Increase in Mobile Banking Services an Opportunity for Unbanked Consumers
Increase in Mobile Banking Services an Opportunity for Unbanked Consumers
This article is part of a continuing interview series that spotlights important views from experts in the community and economic development field.
With the increase in consumers' use of electronic technology and communications, there's a growing reliance on mobile banking and payments for financial management. A recent consumer survey by the Fed Board finds that the ubiquity of mobile phones among U.S. consumers is changing the way they access financial services and make payments. Despite the increase in the use of mobile channels, however, consumers are still balancing the convenience and timeliness of mobile networks with concerns about costs and security risks inherent to the transactions. As this trend affects the evolution of payments systems and banking options, it raises questions about consumer protection, financial regulation, and the future of the financial services industry.
A recent Pew Research Center survey notes that these trends are prompting a number of financial services and technology firms to set their sights on integrating mobile devices into the broader multitrillion-dollar retail economy. But while the focus has been on how to ensure that mobile transactions are safe and accurate, emphasis is shifting to the payment and money transfer efficiency afforded by mobile devices.
Kate Marshall Dole, an innovation and research analyst for the Center for Financial Services Innovation (CFSI), says that the Fed survey confirms CFSI's theories on the low- and moderate-income (LMI) population's access to mobile phones and their use for managing money. Ana Cruz-Taura, senior regional community development manager at the Miami Branch of the Atlanta Fed, spoke with Dole on the potential that mobile banking and payments represent for reaching the unbanked and underserved communities.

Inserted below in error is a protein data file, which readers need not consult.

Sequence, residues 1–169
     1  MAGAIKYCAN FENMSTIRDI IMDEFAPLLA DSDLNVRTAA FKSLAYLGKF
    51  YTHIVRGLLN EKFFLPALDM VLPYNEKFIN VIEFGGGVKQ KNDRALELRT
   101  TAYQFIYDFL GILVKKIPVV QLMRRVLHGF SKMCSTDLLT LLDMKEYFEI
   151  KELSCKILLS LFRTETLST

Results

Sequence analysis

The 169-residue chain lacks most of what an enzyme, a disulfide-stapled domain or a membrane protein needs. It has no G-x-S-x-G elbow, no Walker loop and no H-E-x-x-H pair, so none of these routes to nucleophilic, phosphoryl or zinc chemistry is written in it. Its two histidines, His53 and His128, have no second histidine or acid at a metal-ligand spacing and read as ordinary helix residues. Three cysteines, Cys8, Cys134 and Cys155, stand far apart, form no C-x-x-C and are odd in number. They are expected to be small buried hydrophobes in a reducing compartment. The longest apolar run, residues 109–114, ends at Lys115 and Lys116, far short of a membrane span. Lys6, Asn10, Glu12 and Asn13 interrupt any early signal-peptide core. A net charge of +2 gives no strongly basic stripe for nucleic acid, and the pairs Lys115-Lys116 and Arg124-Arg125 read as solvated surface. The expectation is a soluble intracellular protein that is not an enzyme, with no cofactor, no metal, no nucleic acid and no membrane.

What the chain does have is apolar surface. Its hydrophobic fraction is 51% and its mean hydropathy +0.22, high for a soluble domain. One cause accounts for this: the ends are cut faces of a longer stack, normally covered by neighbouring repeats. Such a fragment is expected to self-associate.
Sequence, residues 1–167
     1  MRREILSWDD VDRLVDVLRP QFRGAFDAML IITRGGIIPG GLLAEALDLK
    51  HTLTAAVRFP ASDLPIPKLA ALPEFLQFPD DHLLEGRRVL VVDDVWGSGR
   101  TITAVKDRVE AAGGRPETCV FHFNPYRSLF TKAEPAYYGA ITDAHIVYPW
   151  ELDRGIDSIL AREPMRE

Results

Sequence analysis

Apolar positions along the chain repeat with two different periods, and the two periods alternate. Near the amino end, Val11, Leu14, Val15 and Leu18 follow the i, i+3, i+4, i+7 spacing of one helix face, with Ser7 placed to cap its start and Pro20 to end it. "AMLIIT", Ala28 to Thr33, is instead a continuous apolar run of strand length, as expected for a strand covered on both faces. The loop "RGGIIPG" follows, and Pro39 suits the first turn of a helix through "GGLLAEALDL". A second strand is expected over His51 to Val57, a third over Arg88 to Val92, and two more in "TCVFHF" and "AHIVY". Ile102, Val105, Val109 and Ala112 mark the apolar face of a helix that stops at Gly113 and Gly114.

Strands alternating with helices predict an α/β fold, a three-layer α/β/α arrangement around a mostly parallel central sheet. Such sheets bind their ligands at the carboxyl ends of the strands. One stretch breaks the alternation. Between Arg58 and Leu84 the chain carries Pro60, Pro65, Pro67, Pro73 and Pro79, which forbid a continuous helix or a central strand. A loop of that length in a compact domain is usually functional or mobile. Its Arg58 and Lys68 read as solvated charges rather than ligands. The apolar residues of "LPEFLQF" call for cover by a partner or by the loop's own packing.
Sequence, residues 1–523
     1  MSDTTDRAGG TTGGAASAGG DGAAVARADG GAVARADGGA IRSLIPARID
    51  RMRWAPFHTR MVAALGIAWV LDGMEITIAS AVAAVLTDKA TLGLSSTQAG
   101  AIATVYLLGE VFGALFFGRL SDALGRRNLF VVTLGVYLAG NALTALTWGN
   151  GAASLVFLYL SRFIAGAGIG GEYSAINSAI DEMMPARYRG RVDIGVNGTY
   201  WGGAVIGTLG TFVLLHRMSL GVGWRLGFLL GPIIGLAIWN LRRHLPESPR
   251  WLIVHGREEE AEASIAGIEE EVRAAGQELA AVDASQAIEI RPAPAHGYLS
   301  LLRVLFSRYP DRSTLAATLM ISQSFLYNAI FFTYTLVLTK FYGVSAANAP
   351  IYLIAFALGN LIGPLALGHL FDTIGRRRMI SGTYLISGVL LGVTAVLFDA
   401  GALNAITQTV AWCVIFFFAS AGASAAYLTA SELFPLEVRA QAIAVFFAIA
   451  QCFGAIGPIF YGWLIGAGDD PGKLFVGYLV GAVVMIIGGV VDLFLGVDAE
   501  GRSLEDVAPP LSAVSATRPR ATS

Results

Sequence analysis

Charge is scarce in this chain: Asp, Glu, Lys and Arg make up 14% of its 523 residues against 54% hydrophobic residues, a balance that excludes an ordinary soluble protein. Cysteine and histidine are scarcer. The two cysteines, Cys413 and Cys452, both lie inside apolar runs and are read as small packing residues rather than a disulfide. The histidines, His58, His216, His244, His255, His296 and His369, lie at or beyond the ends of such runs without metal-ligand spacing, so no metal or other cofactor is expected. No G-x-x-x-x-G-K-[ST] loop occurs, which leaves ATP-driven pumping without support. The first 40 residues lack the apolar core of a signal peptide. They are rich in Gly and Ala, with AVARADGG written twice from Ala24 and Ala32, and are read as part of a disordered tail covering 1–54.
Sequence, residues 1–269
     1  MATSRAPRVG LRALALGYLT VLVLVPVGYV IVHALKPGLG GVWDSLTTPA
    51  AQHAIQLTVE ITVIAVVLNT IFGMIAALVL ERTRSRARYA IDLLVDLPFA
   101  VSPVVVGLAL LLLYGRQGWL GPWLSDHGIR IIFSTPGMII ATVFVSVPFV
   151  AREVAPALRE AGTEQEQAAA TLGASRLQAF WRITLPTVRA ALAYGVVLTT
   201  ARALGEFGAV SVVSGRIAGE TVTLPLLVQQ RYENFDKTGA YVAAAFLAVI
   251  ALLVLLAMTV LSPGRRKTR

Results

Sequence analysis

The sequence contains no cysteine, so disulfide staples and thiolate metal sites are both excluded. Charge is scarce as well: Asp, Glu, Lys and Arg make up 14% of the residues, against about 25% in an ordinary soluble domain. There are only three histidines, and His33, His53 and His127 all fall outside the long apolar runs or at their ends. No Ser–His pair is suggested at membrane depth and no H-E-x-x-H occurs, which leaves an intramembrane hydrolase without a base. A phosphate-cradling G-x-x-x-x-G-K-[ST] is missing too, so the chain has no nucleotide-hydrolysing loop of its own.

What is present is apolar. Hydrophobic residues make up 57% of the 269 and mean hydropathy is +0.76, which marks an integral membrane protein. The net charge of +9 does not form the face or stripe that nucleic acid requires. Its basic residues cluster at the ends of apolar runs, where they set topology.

Ana Cruz-Taura: In general, CFSI promotes access to mainstream banking for underserved communities and focuses on the relevance of bank products and services to LMI communities. How does mobile banking fit into this goal?
Kate Marshall Dole: Across this population, access to mobile phones is broader than access to traditional banking and Internet banking. For the underserved population, mobile services are not substituting [for] the Internet—since these consumers are less likely to have consistent access to the Internet through a computer at home—but instead providing a new point of access. Many financial institutions have not seriously contemplated the LMI community when developing mobile services, instead targeting more affluent customers. For example, many mobile services provide personal money transfer but not bill pay or any type of stored value option. The Fed's research shows that there is a real opportunity inherent in targeting underserved populations.
Cruz-Taura: The growth in mobile phone usage undoubtedly has had an impact on consumer behavior. The Federal Reserve study concludes that mobile banking is a growing trend that is shifting into high gear. What are the trends you are seeing across LMI individuals and households? Do you observe changes in the ways they are accessing financial services through mobile technology?
Dole: Based on research of mobile device usage by income group (for example, through the Pew Internet & American Life Project) and trends among prepaid wireless carriers, we have seen a clear increase in the access to smartphones across the population, including lower-income segments. We are starting to see a small number of innovators focus on developing services targeted to the underserved community, and mobile services in the prepaid space are also increasing. In general, mobile devices allow individuals more timely and convenient access to information about their income and expenses, allowing for more effective money management practices.